Chiral coupling at the single-quantum level promises to be a remarkable potential for quantum information processing. Here we propose to achieve a chiral interaction between a magnon
mode in a ferromagnetic sphere and a superconducting qubit mediated by a one-dimensional coupled-cavity array. When the qubit is coupled to two lattice sites of the array and each one is encoded with a tunable phase, we can acquire a directional qubit-magnon interaction via the quantum interference effect. This work opens up a new route to construct chiral devices, which are expected to become a building block in quantum magnonic networks.
We discuss level splitting and sideband transitions induced by a modulated coupling between a superconducting quantum circuit and a nanomechanical resonator. First, we show how to achieve
an unconventional time-dependent longitudinal coupling between a flux (transmon) qubit and the resonator. Considering a sinusoidal modulation of the coupling strength, we find that a first-order sideband transition can be split into two. Moreover, under the driving of a red-detuned field, we discuss the optical response of the qubit for a resonant probe field. We show that level splitting induced by modulating this longitudinal coupling can enable two-color electromagnetically induced transparency (EIT), in addition to single-color EIT. In contrast to standard predictions of two-color EIT in atomic systems, we apply here only a single drive (control) field. The monochromatic modulation of the coupling strength is equivalent to employing two eigenfrequency-tunable mechanical resonators. Both drive-probe detuning for single-color EIT and the distance between transparent windows for two-color EIT, can be adjusted by tuning the modulation frequency of the coupling.
We propose an efficient scheme for a coherent quantum interface between microwave and optical photons using nitrogen-vacancy (NV) centers in diamond. In this setup, an NV center ensemble
is simultaneously coupled to an optical and a microwave cavity. We show that, by using the collective spin excitation modes as an intermediary, quantum states can be transferred between the microwave cavity and the optical cavity through either a double-swap scheme or a dark-state protocol. This hybrid quantum interface may provide interesting applications in single microwave photon detections or quantum information processing.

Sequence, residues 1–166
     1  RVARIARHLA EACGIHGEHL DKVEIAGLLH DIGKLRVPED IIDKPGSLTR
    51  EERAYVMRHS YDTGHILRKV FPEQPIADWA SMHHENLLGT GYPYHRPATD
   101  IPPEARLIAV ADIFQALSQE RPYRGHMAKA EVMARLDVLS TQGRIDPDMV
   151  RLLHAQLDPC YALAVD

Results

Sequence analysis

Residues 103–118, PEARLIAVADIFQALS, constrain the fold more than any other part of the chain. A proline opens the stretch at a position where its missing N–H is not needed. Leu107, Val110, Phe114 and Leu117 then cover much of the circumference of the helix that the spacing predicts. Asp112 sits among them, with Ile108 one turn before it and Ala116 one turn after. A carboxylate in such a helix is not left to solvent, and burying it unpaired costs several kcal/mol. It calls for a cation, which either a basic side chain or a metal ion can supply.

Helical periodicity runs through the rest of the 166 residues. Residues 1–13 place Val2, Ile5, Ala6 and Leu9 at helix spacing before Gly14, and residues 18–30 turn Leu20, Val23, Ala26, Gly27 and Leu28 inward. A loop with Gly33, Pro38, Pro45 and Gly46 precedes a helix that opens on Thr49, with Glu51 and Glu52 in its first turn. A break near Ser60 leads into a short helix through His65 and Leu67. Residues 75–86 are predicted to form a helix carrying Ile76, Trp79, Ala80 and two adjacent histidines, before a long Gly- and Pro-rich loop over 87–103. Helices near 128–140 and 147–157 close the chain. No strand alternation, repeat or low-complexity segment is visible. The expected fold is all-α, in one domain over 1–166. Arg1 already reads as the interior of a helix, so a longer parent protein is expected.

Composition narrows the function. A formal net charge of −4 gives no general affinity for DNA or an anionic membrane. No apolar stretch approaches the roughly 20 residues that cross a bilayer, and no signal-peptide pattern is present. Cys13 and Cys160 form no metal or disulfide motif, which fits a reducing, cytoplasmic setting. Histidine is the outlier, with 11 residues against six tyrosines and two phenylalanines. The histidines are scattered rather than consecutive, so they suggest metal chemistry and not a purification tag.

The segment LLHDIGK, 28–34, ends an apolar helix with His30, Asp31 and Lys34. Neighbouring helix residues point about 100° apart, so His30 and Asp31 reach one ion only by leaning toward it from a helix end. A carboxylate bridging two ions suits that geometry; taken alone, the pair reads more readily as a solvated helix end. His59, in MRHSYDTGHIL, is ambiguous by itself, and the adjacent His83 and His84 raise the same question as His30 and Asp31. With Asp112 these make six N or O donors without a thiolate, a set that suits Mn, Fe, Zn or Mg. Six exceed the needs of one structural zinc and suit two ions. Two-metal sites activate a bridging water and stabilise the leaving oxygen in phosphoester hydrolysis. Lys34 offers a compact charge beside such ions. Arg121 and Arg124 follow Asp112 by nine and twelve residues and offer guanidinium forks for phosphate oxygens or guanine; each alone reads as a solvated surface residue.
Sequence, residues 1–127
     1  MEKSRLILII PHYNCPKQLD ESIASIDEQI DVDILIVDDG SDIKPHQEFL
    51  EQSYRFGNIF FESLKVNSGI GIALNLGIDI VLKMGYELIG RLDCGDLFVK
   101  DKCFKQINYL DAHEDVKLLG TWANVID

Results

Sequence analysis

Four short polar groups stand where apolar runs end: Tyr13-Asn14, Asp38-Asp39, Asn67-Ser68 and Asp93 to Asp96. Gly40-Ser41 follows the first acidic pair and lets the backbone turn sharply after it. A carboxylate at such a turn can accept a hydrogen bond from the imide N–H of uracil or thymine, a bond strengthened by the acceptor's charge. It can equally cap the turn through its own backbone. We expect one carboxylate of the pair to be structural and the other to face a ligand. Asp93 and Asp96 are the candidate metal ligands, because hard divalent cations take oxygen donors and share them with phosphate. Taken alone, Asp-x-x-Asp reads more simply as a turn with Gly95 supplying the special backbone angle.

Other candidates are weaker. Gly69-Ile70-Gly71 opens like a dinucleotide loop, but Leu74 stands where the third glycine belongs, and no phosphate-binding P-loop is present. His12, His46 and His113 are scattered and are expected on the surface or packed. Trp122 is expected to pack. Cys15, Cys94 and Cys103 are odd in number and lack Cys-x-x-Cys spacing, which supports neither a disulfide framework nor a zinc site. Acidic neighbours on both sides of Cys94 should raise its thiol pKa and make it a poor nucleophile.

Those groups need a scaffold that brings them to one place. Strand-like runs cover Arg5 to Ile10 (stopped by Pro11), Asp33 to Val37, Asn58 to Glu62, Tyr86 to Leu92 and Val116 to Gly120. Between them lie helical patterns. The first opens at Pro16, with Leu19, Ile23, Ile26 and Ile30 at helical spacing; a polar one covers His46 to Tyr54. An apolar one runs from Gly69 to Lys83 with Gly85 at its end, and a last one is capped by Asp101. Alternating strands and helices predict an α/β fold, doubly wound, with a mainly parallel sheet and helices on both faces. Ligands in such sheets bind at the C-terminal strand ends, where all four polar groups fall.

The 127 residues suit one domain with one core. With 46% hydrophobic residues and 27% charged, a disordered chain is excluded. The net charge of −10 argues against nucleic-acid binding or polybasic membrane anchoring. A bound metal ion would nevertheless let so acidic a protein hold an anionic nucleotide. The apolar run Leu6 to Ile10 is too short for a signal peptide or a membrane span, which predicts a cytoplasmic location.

Electromagnetically induced transparency (EIT) has usually been demonstrated by using three-level atomic systems. In this paper, we theoretically proposed an efficient method to realize
EIT in microwave regime through a coupled system consisting of a flux qubit and a superconducting LC resonator with relatively high quality factor. In the present composed system, the working levels are the dressed states of a two-level flux qubit and the resonators with a probe pump field. There exits a second order coherent transfer between the dressed states. By comparing the results with those in the conventional atomic system we have revealed the physical origin of the EIT phenomenon in this composed system. Since the whole system is artificial and tunable, our scheme may have potential applications in various domains.
We present an experimental feasible scheme to synthesize two-mode
continuous-variable entangled states of two superconducting resonators that are
interconnected by two gap-tunable superconducting
qubits. We show that, with
each artificial atom suitably driven by a bichromatic microwave field to induce
sidebands in the qubit-resonator coupling, the stationary state of the photon
fields in the two resonators can be cooled and steered into a two-mode squeezed
vacuum state via a dissipative quantum dynamical process, while the
superconducting qubits remain in their ground states. In this scheme the qubit
decay plays a positive role and can help drive the system to the target state,
which thus converts a detrimental source of noise into a resource.